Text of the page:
The wine capital of the world, Bordeaux is best known for its stunning wineries but can still offer plenty for everyone to see. With around a million residents, including a huge university Bordeaux has a truly metropolitan feel and is known as one of the most socially tolerant cities in all of France.
As a city, it is built on the edge of the Garonne River and is one of the largest cities in Europe by geographic size. South West of the river is the city centre, which is extremely now rise, because the weakness of the soil is not conducive to building tall skyscrapers.
With many original stone buildings in the city centre, the city has been nicknamed ‘Little Paris’ and is one of the most beautiful places to visit in France as a result.
The size of the city makes getting around more difficult than in traditional city environments, and despite the 500 miles of bicycle trails, hiring a car is usually the best option to get around. If you plan on getting out of the city and exploring the beautiful surroundings then a hired car will be essential.
Whilst Bordeaux itself is a great place to visit, many people use it as a base to explore over 1500 years of winemaking, in the Bordeaux region.
Things to see when hiring a car in Bordeaux
If you do choose to hire a car in Bordeaux you’ll be spoilt for choice with things to see. Both in the city itself and within an hour’s drive in the surrounding area Bordeaux is an area of France for exploring, and even if you had two weeks you’d struggle to see all that it has to offer.
Gambetta square is the area of Bordeaux which has been given the name ‘Little Paris’ and if you’ve been to Paris it’s not hard to see why. With gorgeous quaint little side streets full of cafes and boutiques, and stone buildings which have been around for centuries this really is a lovely place to spend time.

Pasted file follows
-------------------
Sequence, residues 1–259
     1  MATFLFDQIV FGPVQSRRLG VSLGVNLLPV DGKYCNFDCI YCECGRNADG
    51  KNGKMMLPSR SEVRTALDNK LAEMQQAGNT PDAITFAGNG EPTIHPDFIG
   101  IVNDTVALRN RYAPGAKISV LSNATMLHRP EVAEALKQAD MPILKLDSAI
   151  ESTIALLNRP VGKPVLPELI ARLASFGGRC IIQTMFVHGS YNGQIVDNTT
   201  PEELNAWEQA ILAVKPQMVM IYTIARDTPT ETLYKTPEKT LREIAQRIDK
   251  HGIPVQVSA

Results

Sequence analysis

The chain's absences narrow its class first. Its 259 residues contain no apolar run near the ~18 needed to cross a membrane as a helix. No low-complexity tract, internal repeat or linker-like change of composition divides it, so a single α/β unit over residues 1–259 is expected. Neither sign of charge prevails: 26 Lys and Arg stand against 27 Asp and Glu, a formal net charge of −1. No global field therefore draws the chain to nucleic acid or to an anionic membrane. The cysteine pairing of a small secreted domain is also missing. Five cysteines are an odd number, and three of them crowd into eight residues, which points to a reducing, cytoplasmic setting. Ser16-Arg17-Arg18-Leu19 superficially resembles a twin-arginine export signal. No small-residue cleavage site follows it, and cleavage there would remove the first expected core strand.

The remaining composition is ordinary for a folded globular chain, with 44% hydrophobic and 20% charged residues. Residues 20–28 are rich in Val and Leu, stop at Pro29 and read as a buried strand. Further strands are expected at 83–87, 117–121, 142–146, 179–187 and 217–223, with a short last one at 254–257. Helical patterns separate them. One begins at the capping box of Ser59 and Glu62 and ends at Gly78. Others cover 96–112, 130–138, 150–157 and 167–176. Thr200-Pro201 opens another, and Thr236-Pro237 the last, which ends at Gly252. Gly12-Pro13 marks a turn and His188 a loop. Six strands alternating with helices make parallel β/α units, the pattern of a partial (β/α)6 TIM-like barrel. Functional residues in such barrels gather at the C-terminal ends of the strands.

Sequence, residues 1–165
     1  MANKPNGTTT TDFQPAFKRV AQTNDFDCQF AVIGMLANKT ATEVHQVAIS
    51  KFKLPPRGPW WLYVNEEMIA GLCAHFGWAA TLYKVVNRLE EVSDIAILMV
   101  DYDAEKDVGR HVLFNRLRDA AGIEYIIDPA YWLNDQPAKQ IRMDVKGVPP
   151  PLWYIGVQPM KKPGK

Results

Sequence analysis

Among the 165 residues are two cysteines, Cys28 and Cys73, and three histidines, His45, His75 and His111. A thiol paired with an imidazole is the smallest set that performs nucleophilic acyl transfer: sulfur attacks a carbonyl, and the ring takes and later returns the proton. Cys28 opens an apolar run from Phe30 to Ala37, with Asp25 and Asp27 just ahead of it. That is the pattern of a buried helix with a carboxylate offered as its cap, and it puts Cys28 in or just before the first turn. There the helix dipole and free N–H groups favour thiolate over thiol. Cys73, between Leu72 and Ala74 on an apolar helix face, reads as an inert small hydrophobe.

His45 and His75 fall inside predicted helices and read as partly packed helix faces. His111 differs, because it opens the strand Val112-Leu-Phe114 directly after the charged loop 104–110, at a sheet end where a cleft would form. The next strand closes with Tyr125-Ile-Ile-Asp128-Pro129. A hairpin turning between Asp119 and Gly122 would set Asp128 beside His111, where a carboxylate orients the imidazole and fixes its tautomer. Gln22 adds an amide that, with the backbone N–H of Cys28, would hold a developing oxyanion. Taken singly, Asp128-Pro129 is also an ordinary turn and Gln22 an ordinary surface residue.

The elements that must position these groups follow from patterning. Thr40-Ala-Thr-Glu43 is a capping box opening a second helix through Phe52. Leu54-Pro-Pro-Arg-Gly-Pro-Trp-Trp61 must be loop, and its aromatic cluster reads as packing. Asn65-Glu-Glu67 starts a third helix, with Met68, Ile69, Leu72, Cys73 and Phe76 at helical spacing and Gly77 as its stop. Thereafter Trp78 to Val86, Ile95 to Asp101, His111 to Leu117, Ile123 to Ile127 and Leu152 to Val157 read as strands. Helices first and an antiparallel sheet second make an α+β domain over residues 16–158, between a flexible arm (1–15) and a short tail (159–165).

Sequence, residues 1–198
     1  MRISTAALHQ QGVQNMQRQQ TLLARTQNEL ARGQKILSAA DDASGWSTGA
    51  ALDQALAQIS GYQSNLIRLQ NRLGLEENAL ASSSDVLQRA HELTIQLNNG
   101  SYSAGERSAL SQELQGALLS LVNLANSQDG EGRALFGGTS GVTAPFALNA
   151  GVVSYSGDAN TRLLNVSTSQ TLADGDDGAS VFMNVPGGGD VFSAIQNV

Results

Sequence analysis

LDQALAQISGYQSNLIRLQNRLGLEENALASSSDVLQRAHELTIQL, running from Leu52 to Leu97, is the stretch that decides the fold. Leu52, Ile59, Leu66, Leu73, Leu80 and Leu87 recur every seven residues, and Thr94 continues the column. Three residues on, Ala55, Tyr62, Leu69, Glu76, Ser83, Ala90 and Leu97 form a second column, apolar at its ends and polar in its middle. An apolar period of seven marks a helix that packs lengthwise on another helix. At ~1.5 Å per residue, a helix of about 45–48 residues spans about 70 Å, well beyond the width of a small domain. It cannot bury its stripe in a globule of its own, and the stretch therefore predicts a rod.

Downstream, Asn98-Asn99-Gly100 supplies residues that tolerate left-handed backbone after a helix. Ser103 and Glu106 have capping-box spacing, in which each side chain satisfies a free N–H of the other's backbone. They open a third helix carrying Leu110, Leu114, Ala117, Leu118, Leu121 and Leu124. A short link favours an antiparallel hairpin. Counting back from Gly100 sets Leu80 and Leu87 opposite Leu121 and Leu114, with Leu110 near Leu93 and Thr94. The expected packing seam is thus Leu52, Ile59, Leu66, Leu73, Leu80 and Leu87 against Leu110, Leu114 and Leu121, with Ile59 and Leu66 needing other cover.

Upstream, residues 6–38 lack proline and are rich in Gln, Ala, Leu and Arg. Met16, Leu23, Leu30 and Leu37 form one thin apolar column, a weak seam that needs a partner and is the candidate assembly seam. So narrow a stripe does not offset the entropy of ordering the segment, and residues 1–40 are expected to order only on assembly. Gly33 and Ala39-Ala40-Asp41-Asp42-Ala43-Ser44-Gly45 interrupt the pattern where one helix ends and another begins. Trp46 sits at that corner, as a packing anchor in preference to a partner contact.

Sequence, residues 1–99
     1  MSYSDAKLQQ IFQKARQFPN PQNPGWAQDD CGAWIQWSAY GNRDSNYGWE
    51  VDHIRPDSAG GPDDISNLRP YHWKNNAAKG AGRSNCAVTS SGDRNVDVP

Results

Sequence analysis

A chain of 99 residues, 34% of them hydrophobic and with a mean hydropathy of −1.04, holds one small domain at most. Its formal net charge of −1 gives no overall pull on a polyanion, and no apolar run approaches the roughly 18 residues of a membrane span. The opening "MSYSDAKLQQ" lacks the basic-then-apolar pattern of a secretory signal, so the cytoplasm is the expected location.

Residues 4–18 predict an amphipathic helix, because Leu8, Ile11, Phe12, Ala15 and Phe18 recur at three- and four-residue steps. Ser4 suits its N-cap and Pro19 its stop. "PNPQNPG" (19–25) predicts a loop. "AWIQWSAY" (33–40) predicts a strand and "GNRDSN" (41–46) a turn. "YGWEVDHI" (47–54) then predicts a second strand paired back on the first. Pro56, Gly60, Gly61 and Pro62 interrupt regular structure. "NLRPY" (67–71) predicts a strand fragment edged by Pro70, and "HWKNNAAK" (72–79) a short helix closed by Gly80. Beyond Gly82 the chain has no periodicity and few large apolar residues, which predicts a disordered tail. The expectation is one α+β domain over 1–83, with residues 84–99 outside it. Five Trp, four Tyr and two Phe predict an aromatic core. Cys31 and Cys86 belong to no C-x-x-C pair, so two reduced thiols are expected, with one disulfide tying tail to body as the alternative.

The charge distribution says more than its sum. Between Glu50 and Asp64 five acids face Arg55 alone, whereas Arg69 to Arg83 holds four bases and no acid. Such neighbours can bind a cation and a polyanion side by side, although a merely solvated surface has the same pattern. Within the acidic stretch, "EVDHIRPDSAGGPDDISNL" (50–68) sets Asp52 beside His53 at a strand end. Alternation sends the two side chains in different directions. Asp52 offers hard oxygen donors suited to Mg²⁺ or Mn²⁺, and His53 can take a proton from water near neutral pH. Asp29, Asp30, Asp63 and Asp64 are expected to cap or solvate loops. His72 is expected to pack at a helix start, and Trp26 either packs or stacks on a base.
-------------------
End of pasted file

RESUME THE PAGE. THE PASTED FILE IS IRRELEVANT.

Musee D’Art Contemporain
The Musee D’Art Contemporain translates as the Museum of contemporary art and is a wonderful place for all fans of modern art. With exhibits that change on a seasonal basis there is always something new to see in the museum, which like most museums is free on the first Sunday of every month.
Note the Museum is open late on a Wednesday and closed on Mondays.
Tower of Saint-Michel
The Tower of Saint-Michel is a stunning 14th century Basilica and stands out in the low levels of Bordeaux. The 114m tall bell tower is a particularly interesting place to go, as guests can climb the 243 steps for a panoramic view of the surrounding area. Entrance to the tower is around £4, or free to EU nationals under 26.
Whilst many of the original stained glass windows were destroyed in the Second World War the church has been beautifully restored.
For many, the whole purpose of a trip to Bordeaux is to visit the many chateaus in the region for some wine tasting. As the second biggest wine producing region in the world, Bordeaux is responsible for adding around 800 million bottles of wine to the worlds annual consumption, and guests can choose to take their own car to the vineyards, or to catch a tour bus from the city centre.
Of particular note are the Chateau at Haut Brion, Latour, Margaux and Mouton Rothschild.
To the west of Bordeaux is the beautiful Atlantic coast, and with over 200 miles of golden sandy beaches you’ll find something for everyone’s taste.
With sea winds contributing to the seas waves, surfers and those who like water sports will enjoy the many surfing beaches in the vicinity, as will those looking for quiet sea side towns to enjoy a little wonder around. Our favourite is Arcachon where you can find out how Oysters are caught and sent off for sale.